Develop an effective capital delivery model

The next step is the development of a capital delivery model. This capital delivery model outlines how all projects and programs that fall under the PMO are executed. Each step of the model includes a list of required project artifacts and the associated level of detail. For the capital delivery model to be effective, all projects and programs delivered by the PMO must follow the model. If projects or programs are excepted, it leads to a lack of standardization as well as confusion about how projects and programs are delivered. All projects and programs must go through the model, but they are not all required to go through the model the same way.

Establish stage gates for governance

 With the capital delivery model created, stage gates need to be established. These stage gates provide a control point for projects and programs as the project progresses. To move from one stage of the project to the next, approval must be received. The move to the next stage can be approved, rejected or there could be a conditional approval provided. This approval requirement provides a level of governance and allows the organization to make decisions about projects based on potential changes or new information received.

Another important function of stage gates is to provide different paths through the capital delivery model based on the risk and complexity of the project or program. Large complex projects will likely need to get approval at each stage gate, whereas low-risk programs, such as pole replacement, may only need to go through two or three of the gates, reflective of their risk profile. The capital delivery model and stage gates accommodate different types of projects without taking a one-size-fits-all approach.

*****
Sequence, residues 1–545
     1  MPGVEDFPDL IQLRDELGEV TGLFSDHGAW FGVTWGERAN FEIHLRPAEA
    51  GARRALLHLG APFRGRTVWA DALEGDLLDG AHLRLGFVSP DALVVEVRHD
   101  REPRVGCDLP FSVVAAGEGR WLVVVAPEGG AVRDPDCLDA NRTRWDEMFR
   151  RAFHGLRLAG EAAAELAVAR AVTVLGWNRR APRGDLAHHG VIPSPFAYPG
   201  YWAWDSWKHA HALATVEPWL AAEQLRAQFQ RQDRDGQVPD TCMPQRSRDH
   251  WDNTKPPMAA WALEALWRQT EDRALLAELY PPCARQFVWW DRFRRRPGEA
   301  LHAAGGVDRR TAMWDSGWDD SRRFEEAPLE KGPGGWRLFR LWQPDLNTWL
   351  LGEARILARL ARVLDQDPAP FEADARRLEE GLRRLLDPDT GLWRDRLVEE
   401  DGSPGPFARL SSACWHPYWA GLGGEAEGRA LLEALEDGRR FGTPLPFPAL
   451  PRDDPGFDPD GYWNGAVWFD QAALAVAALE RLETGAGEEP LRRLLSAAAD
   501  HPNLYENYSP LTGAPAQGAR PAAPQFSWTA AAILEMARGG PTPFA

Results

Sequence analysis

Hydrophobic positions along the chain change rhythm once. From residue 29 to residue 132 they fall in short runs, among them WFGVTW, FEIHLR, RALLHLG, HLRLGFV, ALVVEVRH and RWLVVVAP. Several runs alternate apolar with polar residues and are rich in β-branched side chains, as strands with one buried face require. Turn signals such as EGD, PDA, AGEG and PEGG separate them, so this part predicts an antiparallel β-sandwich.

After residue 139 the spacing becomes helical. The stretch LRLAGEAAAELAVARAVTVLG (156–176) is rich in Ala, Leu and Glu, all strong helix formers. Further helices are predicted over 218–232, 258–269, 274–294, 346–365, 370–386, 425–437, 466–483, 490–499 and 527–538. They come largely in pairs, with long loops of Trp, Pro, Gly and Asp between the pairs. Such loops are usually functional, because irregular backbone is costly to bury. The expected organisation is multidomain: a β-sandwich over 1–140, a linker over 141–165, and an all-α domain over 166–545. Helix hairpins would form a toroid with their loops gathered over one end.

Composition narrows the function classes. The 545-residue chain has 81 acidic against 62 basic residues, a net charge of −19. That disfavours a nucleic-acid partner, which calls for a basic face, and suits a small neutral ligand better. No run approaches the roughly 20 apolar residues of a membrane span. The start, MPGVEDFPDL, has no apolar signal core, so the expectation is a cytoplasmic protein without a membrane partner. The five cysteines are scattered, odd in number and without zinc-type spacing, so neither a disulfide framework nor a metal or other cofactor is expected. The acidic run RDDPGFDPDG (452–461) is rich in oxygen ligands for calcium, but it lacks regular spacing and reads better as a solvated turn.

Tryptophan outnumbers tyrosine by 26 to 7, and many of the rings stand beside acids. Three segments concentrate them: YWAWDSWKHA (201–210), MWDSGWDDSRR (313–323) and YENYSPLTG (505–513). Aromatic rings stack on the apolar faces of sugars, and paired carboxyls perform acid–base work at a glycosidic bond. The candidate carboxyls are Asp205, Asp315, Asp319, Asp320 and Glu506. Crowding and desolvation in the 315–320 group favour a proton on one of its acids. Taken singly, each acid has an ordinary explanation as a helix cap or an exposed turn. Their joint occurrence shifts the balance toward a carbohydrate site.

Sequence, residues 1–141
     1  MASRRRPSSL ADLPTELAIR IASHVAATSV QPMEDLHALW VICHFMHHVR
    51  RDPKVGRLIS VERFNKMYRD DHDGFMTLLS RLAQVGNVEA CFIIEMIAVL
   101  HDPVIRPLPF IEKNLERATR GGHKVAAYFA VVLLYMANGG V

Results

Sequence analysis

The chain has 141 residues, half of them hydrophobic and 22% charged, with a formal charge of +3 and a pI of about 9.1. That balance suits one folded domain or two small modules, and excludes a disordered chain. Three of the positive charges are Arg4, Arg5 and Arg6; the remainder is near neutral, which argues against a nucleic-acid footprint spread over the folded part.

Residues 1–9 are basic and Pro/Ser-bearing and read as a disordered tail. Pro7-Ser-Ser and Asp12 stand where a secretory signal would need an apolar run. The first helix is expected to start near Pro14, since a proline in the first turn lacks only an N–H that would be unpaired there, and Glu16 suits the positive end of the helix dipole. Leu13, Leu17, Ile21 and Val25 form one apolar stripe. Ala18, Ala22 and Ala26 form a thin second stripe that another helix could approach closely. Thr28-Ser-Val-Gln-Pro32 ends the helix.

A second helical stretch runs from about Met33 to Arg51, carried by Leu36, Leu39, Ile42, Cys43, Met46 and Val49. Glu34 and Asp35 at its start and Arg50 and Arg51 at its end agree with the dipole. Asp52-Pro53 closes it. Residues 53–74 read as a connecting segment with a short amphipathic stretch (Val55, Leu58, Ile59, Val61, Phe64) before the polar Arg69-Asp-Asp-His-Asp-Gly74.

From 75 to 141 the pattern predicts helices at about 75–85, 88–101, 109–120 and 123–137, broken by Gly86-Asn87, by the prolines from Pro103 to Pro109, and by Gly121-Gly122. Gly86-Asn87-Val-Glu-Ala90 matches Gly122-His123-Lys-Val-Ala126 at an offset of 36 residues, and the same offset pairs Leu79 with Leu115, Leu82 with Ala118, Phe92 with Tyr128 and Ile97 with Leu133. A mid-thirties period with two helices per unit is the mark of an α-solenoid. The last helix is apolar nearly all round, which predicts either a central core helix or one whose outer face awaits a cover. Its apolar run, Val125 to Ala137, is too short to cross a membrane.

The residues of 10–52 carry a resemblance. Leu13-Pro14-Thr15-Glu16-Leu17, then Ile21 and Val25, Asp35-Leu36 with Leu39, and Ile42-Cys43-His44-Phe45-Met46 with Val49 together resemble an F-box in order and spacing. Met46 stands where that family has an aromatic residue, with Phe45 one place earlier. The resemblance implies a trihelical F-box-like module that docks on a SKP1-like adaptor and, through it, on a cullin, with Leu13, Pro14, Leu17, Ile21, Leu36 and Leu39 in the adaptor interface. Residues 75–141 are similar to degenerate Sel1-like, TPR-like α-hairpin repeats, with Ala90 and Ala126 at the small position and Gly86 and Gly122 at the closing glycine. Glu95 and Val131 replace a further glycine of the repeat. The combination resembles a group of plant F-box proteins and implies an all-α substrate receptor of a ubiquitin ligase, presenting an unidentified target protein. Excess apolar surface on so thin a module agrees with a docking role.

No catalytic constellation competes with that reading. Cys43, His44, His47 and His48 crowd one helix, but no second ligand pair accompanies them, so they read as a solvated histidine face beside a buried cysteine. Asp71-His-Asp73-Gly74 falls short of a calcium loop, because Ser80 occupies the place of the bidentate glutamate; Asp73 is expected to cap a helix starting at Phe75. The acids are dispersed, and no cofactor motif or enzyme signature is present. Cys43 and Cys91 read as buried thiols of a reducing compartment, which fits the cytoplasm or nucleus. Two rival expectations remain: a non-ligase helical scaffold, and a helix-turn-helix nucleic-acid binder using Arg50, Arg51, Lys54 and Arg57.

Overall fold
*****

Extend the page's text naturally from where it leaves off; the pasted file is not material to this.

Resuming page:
Standardize project artifacts

Establishing standardized project artifacts allows the project approval body to understand key information related to the project without trying to interpret the documents based on who the project manager is. This standardization means that the information presented at each stage of the project conveys the same information at the same level of detail and to the same standard. This creates efficiency for the approval body and removes confusion for the project managers. Key standard project artifacts include scope, project plan, estimate, schedule, budget performance and risk register.

Standardization of project artifacts also provides the data and uniformity required to develop effective reports and forecasts at the portfolio, program and project levels. This reporting allows the organization to understand progress toward the plan as the year progresses and allows adjustments and changes to be made, as circumstances require, based on data and information. This reporting and forecasting is a key component for resource scheduling, which will help to adjust and smooth resourcing requirements which aids in avoiding a rush to complete projects at the end of the year, minimizing additional overtime and third-party contractors.

Develop a continuous improvement program

Once the agreed upon standard project artifacts have been created and implemented, the PMO must develop and implement a training and continuous improvement program, including capturing lessons learned from completed projects. This training and continuous improvement program should apply to all personnel involved with capital delivery and will reinforce standardization, assist with onboarding of new people and will facilitate the adoption of leading practices.

Following these steps will reduce variability in project execution, provide visibility to the execution of the capital plan, and will give the business the information required to make informed decisions when there are changes.

In closing

Efficient capital delivery is becoming increasingly more important for T&D companies because of regulatory changes, increased customer pressure and the demands of shareholders and capital markets. Implementing a PMO will provide the oversight and standardization required to consistently achieve the capital delivery scope, schedule and cost performance increasingly being demanded by stakeholders.

If your capital project performance is not performing at the level that you would like, implementing, or re-implementing a PMO will provide tangible improvements to the delivery of the capital plan.

Please contact the MNP Energy & Utilities Team to learn more about how MNP is helping T&D companies execute their capital plans.